Iago Lewis was now a single parent with three daughters. His wife had decided that life with them had been too much, they had divorced and Iago had moved his family as far away from his ex as they could go. Unfortunately for Iago, they may have moved too far.
The house they pulled up outside was old. Really old. All the paint was chipped, the windows were warped and they were in the middle of nowhere. Iago's daughters climbed from the car and gaped up at their new home. They took in the crumbling porch, the overgrown garden and the lack of any kind of life. Iago watched them, he was pretty sure he knew how things would go. Ada was the eldest at eighteen. She was always practical and level headed and had understood the need for the move more than her sisters. Ada would decorate and tidy and keep a smile plastered on her face. But she would cry at night, with her head buried in the pillow so nobody else would hear.
In the middle was Lola. Everybody always said the middle child was the most trouble and with Lola, they were right. She was in a Goth phase at the moment and Iago hoped this one wouldn't last as long as the hippy phase she had just come out of. Lola was staring up at the house, a sneer curling her upper lip. Iago sighed, she would complain and shout and scream and stay out late. But she would accept it eventually, Lola always did.
Bringing up the rear was Little Naomi. Iago scolded himself; he should stop thinking of her like that. Naomi was fourteen now but she seemed to have slipped back about ten years since the divorce. She wouldn't sleep unless he was there; the old stuffed bear that had been in the loft since she was eight had been hauled back out again. Naomi just needed a little time to adjust, everybody said. Iago sighed inwardly and waited for the tirade to begin.
Strangely enough, nobody said anything. The three girls just unloaded their stuff and hurried inside to claim rooms. They even came back down to help when the removals van arrived. Ada was just pushing her chest of drawers against a suitable wall when Naomi rushed into her room, she looked very pale and her hands were twisting the bear into strange shapes.
"There's something in my room. Can we swap please?" Ada stared at her, determined not to lose her patience.
"Let's have a look." They walked along the landing, past Lola's room and into the last bedroom at the side of the house. Ada made a big show of searching the room, especially the wardrobe and the little bathroom and all the cupboards.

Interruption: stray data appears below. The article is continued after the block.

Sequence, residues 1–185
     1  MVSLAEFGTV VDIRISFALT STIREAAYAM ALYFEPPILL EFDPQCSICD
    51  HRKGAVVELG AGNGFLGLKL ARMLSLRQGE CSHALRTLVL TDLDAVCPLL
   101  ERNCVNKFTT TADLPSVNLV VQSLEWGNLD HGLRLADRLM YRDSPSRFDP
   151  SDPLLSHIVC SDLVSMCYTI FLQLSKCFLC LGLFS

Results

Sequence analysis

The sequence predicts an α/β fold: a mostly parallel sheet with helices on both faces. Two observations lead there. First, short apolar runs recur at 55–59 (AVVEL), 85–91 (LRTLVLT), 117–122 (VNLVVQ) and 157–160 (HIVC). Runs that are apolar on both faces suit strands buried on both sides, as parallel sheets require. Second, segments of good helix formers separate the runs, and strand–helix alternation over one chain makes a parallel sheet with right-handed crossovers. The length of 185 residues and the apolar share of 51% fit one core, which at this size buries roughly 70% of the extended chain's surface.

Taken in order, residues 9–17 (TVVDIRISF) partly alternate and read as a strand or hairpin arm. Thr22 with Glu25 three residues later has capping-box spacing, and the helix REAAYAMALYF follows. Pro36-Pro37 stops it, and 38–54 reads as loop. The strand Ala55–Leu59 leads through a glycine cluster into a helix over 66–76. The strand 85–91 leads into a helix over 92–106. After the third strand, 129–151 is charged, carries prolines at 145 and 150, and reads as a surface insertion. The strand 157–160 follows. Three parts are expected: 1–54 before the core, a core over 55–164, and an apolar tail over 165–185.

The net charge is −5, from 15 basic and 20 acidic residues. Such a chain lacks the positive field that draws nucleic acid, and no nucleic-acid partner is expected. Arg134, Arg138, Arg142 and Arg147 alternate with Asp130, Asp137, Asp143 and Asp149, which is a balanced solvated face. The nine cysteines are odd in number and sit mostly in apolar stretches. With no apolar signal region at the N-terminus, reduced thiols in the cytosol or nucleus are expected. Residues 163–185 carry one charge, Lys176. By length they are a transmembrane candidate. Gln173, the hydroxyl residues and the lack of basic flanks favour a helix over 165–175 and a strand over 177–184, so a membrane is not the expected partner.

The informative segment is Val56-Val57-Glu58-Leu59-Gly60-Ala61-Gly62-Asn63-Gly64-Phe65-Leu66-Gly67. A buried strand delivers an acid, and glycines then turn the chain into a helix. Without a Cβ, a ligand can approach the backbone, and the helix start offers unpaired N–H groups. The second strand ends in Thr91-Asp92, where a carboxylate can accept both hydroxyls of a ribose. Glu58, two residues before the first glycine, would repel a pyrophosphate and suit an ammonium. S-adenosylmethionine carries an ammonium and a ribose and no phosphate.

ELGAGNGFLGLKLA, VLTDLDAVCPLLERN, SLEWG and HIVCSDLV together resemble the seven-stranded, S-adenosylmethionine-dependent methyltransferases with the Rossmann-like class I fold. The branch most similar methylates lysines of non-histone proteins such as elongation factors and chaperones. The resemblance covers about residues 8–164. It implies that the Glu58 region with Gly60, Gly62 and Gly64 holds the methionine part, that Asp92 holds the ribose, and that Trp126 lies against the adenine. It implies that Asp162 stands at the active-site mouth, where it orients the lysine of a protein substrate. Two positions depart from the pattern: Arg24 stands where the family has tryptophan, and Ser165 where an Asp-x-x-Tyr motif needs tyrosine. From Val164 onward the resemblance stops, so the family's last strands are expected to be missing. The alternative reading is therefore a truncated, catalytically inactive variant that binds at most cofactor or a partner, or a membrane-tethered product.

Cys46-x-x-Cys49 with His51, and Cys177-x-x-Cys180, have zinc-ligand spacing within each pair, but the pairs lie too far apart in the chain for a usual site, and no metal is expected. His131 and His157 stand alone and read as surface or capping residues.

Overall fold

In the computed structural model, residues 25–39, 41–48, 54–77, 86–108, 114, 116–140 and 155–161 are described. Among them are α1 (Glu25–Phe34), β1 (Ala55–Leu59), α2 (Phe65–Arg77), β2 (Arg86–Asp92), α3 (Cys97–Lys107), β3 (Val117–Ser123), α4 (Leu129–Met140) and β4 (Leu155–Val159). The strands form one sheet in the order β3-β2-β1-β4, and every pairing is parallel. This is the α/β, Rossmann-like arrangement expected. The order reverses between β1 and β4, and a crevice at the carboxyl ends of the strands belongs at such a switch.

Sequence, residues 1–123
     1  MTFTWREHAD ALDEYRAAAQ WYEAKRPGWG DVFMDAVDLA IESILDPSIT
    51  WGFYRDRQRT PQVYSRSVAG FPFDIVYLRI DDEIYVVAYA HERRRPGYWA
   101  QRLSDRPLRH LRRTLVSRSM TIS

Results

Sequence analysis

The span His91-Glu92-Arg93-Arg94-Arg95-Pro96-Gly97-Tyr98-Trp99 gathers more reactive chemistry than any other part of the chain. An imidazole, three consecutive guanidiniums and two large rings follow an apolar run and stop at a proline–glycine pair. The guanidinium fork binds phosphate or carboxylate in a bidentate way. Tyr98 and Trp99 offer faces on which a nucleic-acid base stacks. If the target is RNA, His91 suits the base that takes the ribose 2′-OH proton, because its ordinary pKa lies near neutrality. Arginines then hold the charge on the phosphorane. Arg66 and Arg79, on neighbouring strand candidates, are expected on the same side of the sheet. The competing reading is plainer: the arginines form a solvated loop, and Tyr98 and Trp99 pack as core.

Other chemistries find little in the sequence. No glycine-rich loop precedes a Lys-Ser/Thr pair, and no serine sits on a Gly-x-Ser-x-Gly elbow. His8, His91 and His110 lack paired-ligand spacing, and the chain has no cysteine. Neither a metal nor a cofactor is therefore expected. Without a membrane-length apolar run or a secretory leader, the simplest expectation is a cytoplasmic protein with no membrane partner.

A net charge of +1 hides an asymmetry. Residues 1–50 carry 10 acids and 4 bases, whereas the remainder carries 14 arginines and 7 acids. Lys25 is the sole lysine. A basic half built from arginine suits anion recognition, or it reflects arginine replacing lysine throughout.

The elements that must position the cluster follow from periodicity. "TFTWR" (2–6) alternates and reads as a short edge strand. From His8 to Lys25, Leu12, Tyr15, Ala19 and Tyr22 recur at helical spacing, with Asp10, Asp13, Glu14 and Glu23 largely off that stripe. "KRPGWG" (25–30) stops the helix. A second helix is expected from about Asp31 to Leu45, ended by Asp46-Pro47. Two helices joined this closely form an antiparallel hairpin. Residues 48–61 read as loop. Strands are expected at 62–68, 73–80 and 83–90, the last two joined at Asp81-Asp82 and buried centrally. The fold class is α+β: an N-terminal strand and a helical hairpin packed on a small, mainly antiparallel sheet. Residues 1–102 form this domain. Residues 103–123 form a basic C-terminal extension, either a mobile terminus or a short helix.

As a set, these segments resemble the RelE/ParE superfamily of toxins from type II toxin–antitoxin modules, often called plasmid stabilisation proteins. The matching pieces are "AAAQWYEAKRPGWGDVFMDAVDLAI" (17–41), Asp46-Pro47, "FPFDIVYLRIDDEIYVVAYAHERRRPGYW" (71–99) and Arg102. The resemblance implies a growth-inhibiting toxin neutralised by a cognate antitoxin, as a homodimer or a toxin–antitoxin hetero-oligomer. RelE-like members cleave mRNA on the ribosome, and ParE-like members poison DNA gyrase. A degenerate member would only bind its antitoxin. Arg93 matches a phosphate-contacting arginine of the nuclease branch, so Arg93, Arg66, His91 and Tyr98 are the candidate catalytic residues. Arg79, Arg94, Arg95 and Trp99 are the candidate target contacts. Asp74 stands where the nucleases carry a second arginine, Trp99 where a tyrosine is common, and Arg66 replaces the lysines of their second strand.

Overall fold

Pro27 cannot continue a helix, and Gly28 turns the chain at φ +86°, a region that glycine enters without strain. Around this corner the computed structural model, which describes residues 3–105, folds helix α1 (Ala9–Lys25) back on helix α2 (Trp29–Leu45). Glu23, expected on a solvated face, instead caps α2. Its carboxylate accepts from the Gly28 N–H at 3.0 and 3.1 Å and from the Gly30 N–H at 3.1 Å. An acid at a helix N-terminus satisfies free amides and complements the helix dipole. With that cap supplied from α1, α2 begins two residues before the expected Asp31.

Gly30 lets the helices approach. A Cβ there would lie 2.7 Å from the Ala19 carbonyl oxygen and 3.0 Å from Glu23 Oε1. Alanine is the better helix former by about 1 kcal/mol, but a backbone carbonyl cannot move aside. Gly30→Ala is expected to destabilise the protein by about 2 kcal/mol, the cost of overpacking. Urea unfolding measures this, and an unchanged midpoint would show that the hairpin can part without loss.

"There's nothing here. This house is so old there are probably squirrels or something living under the floors. Just unpack your stuff and then we'll have dinner. It'll be okay." Ada hugged Naomi before hurrying back to her own room.
That evening, the family sat down to a dinner of pizza and Pepsi. Naomi was still going on about there being something in her room, Lola was telling her to grow up and Ada was trying to keep the piece long enough for them to eat. Iago sat back and watched as his girls argued and ate and argued some more. He smiled and suddenly burst into laughter. The arguing stopped while they stared at him.
"Great. They've both cracked under the pressure" said Lola. She grabbed a few more slices before stomping back up to her room.
It was gone midnight when Iago heard footsteps on the stairs. He turned away from his pile of bills and frowned as Naomi crossed the floor to stand by his side.
"There's a monster in my room, daddy." Iago stared for a moment, unsure if he had just heard that correctly.
"Aren't you a little old for monsters in the cupboard?" he said. Naomi just looked at him, tears welling in her eyes. Iago sighed and stood up; he followed his daughter back up to her room and stepped through the door. The room was tidy and very Naomi. She waited at the door while he checked the cupboard, the bathroom and even her drawers.
"Back to bed" he said. Naomi was about to argue but he just pointed at the bed and she slipped between the sheets, hugging the teddy as tight to her as possible. Iago switched off the light and pulled the door almost shut before heading back downstairs. He went back to his seat and decided to have a proper chat with Naomi's therapist in the morning.
The next morning, Iago jumped awake and found himself still sitting at the table. His back complained with a loud series of pops and crackles as he stood up. Iago went into the kitchen to start breakfast.
"Do you want me to clear the table?" He turned and smiled. Ada looked like a soldier ready for duty, up and washed at the ungodly hour of 9am. Iago chuckled to himself and nodded. Ada kept the papers in their little piles and transferred them to the sofa before beginning to set the table. She was just heading into the kitchen proper when Lola screamed from upstairs. Iago dashed past Ada but she followed him up the landing. Lola was standing outside Naomi's door, she turned and faced them. Even from that distance they could see how hard she was shaking.
"Daddy" she whispered. Lola pointed at Naomi's closed door and Iago felt his insides turn to jelly. It had been a long time since Lola had called him anything but Hey You. He hurried down the corridor and stared at where she was pointing, he heard Ada gasp beside them. On the door, near the bottom were long scratches gouged into the wood.
"She said there was something in her room" whispered Ada. Iago pushed his daughters backwards and opened the door, letting it swing open. He was only vaguely aware of Lola throwing up and Ada screaming. The room held his full attention. Naomi's head still lay on the pillow and her legs were still splayed in the easy position she usually slept in. But between the legs and the head there was nothing but a bloody mess of bone and gore. The teddy was resting against the far wall and above its fuzzy head there were seven words scratched into the wall.
YOU SHOULD HAVE CHECKED
UNDER THE BED